The Chinese Couple Who Dared to Have a Third Child

Sixth Tone
9 min readJan 16, 2020


GUANGDONG, South China — Xue Ruiquan follows the same routine each morning. After a 7 a.m. jog, he prepares breakfast for his wife and three children and then drives his eldest son — Chongchong — to school. “OK, off you go,” he says as he drops off the 7-year-old. “Dad needs to go to work now.”

But Xue is lying. The 44-year-old and his wife, Xie Zhengning, have been unemployed for nearly a year. The family is struggling to make ends meet, relying on savings and loans from friends and relatives to meet their mortgage payments.

In December 2018, Xue was fired from his job as a public security officer in the southern Chinese city of Yunfu, Guangdong province. Then, three months later, the local primary school where Xie taught mathematics terminated her contract.

Both lost their jobs for the same reason: breaking China’s birth restrictions by having a third child.

The firings have left the parents shocked and angry. For decades, Chinese workers faced dismissal for violating family-planning rules, but the pair had been assured such draconian measures had been abolished.

Xie and Xue have been affected by the ambiguity surrounding China’s family-planning regime as the country gradually — but unevenly — relaxes punishments for those having more than two kids, leaving parents and local officials uncertain about the rules.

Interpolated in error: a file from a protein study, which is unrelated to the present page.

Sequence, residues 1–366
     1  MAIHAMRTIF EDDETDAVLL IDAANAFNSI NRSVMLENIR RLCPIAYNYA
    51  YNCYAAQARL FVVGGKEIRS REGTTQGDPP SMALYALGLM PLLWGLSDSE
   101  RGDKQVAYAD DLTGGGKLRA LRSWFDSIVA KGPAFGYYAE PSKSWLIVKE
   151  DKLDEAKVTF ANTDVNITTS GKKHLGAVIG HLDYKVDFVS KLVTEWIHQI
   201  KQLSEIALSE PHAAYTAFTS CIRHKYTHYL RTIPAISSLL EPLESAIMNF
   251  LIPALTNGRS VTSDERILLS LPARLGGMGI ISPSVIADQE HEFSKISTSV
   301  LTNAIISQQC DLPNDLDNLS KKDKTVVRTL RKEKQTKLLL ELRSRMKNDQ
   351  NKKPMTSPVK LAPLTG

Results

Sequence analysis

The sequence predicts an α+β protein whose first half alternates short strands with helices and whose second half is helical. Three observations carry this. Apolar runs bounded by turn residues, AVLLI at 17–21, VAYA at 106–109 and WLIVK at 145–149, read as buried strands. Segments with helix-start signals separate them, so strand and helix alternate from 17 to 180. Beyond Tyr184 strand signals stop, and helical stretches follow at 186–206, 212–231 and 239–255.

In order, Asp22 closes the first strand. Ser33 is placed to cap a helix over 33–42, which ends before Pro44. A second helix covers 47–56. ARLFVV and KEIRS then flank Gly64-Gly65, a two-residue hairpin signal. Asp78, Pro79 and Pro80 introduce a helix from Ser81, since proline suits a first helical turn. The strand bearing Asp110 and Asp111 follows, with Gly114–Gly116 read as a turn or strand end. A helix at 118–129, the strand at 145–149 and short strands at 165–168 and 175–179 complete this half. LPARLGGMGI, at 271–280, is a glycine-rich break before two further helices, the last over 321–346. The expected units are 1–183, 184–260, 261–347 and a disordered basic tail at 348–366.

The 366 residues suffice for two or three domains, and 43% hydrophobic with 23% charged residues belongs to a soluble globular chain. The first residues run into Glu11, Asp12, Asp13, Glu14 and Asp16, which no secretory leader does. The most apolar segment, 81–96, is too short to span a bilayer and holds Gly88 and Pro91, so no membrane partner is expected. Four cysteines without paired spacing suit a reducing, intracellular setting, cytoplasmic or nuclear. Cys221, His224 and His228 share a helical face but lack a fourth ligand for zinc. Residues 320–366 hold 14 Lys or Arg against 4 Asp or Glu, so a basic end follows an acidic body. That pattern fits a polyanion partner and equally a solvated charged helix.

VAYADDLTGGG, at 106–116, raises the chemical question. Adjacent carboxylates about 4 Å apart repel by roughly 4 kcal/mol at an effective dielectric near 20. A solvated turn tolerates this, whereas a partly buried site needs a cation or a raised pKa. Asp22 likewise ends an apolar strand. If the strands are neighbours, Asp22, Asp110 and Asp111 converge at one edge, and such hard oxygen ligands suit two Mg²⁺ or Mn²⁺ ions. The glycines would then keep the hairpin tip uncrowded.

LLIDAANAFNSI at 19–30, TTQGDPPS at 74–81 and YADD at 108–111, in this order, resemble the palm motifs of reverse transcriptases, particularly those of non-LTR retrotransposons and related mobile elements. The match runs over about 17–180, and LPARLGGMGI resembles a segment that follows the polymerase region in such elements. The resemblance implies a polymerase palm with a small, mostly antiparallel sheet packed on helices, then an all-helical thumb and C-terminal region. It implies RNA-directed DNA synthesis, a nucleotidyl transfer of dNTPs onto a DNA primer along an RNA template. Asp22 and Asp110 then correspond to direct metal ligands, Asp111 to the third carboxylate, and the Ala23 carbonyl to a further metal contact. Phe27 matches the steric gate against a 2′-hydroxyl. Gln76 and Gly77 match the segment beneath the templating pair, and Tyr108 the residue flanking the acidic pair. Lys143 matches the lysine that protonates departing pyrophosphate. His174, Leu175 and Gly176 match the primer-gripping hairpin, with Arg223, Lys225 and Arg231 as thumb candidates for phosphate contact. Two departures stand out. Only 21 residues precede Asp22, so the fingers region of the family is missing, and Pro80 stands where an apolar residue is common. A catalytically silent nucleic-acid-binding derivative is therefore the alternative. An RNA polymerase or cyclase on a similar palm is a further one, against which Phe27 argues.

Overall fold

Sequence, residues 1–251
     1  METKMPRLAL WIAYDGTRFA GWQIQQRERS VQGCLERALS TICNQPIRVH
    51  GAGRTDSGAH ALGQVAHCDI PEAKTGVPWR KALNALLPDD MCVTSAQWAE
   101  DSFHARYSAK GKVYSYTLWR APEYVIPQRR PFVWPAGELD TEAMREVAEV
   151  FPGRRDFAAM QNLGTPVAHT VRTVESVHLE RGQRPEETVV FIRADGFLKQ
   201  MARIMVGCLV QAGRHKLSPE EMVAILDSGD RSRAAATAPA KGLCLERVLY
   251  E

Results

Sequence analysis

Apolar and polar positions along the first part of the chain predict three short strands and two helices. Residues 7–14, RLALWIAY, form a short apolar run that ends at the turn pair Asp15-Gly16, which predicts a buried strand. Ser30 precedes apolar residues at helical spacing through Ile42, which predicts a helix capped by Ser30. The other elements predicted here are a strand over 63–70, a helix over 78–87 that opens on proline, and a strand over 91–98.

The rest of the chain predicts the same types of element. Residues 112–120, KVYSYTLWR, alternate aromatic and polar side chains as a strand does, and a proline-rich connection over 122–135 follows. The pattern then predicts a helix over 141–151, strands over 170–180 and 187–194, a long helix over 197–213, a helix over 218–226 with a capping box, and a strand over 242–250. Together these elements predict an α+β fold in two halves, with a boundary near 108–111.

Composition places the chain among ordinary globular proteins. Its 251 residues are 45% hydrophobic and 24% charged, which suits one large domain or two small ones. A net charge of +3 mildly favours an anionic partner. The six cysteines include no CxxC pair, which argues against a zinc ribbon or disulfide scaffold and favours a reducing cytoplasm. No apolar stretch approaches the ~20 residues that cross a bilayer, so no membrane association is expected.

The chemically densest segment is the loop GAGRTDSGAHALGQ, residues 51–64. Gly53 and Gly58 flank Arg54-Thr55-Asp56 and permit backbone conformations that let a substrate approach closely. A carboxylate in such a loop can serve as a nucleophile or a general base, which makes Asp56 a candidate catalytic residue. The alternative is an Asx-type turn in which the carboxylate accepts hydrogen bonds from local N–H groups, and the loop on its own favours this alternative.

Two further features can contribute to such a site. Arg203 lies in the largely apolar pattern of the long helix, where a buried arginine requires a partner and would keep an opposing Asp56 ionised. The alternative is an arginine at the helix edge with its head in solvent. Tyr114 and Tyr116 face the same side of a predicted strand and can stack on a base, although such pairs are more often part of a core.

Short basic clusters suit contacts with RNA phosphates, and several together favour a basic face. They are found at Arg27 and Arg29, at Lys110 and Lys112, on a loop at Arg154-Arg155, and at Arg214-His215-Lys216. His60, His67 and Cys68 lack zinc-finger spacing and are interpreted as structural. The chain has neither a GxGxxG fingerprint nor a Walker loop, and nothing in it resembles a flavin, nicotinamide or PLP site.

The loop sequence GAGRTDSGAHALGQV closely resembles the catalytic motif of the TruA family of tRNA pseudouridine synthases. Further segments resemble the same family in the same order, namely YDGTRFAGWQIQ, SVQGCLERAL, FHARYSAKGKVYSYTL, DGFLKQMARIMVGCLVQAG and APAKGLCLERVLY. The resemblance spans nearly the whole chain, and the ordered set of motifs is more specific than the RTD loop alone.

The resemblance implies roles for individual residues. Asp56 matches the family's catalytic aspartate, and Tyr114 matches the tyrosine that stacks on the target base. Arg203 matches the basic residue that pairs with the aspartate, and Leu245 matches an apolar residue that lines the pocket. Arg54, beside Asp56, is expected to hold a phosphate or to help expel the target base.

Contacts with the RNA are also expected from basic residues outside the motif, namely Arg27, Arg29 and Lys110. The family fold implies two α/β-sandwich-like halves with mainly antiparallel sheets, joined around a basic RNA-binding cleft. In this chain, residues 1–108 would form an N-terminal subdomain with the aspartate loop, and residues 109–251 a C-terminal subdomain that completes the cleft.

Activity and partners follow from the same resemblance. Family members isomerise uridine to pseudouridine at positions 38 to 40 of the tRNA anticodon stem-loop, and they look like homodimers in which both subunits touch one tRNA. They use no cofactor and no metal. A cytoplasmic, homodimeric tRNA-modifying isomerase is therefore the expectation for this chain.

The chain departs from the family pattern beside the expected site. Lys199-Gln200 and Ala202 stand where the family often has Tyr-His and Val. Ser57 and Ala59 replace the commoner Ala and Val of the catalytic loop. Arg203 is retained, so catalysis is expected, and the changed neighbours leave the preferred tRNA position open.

The Chinese government started to introduce large-scale birth controls in the 1970s to curb population growth, and from 1980 the measures hardened into a nationwide one-child policy. Penalties for violators were harsh, ranging from large fines, to forced abortions and sterilizations.

The policy prevented more than 400 million births over the ensuing 35 years, the government claims. It also accelerated a steep fertility decline, leading to a rapidly aging society and a severe gender imbalance, with men outnumbering women by more than 31 million.

In a bid to mitigate these demographic issues, the government ended the one-child policy in 2016 enabling all couples to have two children. Xie gave birth to her second child, Lele, the same year.

But the reform has failed to reverse the country’s falling birth rate. Only 14.65 million…



Sixth Tone

Fresh voices of everyday China: Bringing you stories of life in contemporary China through the eyes of those living it